Ellen Behrstock-Sherratt and Allison Rizzolo
We've seen the fallout when teachers are left out of discussions on how they’re evaluated: states and school districts have pushed through top-down methods for measuring teacher effectiveness without input from teachers and principals. While some of these have been successful, we still hear about efforts fraught with controversy, complaints and, at times, failure. These contribute to teacher morale recently hitting a 20-year low.
But this week is about honoring teachers, education leaders, and reformers from around the world as they gather in New York City to celebrate teaching and learning. We join in this celebration, and in recognizing that teachers must have a say in how we run our schools. This is particularly true for discussions around how we determine whether teachers are helping their students succeed.
After all, teachers know what strategies and practices help students learn and succeed, both within and beyond the classroom. Yet, when it comes to designing new ways to evaluate their work and provide them with the feedback they need to improve, teachers are left out of the discussion far too often.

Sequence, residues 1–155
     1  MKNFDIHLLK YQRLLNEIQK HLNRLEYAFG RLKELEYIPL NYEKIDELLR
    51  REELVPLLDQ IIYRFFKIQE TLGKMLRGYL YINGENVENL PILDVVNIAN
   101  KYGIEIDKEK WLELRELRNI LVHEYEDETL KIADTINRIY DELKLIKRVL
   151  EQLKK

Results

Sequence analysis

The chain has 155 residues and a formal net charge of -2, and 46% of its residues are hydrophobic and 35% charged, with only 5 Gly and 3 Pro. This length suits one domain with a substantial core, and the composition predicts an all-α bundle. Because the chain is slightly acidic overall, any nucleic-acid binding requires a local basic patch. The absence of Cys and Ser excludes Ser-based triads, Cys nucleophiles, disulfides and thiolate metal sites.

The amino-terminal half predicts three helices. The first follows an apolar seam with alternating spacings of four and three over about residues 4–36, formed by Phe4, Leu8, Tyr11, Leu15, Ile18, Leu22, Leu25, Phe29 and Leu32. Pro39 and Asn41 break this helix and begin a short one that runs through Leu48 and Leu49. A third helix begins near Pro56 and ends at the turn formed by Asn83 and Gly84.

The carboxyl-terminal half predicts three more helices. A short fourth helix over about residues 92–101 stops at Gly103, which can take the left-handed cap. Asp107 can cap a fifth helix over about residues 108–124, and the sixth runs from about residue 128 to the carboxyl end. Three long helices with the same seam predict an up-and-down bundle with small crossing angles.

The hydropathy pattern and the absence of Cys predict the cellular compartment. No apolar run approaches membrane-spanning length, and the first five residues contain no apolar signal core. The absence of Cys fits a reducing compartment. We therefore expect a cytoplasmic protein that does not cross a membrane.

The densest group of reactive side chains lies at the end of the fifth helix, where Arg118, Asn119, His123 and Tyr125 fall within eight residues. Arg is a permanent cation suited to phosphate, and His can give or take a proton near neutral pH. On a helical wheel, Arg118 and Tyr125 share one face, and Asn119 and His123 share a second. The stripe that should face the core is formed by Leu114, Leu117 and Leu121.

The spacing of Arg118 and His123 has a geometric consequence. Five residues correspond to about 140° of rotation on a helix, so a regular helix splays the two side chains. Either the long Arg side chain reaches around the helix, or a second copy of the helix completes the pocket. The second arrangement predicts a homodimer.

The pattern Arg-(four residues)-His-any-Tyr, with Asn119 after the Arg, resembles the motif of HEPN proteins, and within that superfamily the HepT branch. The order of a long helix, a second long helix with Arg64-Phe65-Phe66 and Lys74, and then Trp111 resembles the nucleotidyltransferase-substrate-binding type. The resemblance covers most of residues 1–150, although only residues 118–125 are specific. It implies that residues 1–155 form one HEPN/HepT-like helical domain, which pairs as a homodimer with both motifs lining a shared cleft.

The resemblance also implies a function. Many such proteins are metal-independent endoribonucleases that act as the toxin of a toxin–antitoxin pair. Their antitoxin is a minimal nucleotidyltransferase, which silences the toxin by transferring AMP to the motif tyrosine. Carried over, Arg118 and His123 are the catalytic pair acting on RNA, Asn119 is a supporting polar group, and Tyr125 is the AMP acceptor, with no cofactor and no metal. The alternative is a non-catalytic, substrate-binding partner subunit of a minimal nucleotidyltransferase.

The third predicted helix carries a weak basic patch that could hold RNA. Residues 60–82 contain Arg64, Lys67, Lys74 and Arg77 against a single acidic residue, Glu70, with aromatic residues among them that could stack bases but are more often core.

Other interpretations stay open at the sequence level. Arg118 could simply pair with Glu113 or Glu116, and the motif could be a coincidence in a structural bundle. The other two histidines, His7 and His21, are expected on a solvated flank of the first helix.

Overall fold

It's not that teachers aren't open to evaluation—research from both of our organizations suggests most teachers embrace stronger methods for assessing, rewarding, and improving their skills. And AFT President Randi Weingarten agrees that teachers would welcome thoughtfully designed, well-rounded, and substantive evaluations.
Everyone at the Table is a set of online resources that will help policymakers bring teachers into the discussion of how to make their evaluations meaningful, reliable, and helpful in their work. We know these conversations can be tricky. There is distrust and uncertainty about how we define what makes a teacher effective, and how to best measure that. Education leaders may fear they will lose credibility if they do not implement the ideas that teachers suggest.
Everyone at the Table helps teachers, as well as school and district leaders, tackle the challenges of moderating these potentially difficult conversations while designing a strategy that includes teacher input in a meaningful way. We encourage you to head to our website to learn more about these processes and ideas.
We believe such efforts are much more likely to lead to evaluation plans that are fair and respectful to teachers—and more effective and sustainable.
Through an appreciation for teachers' experiences, insights, and ideas, and a commitment to genuine collaboration, we hope to strengthen our ideals for education—helping our nation’s students learn and succeed—by bringing everyone to the table on these reforms.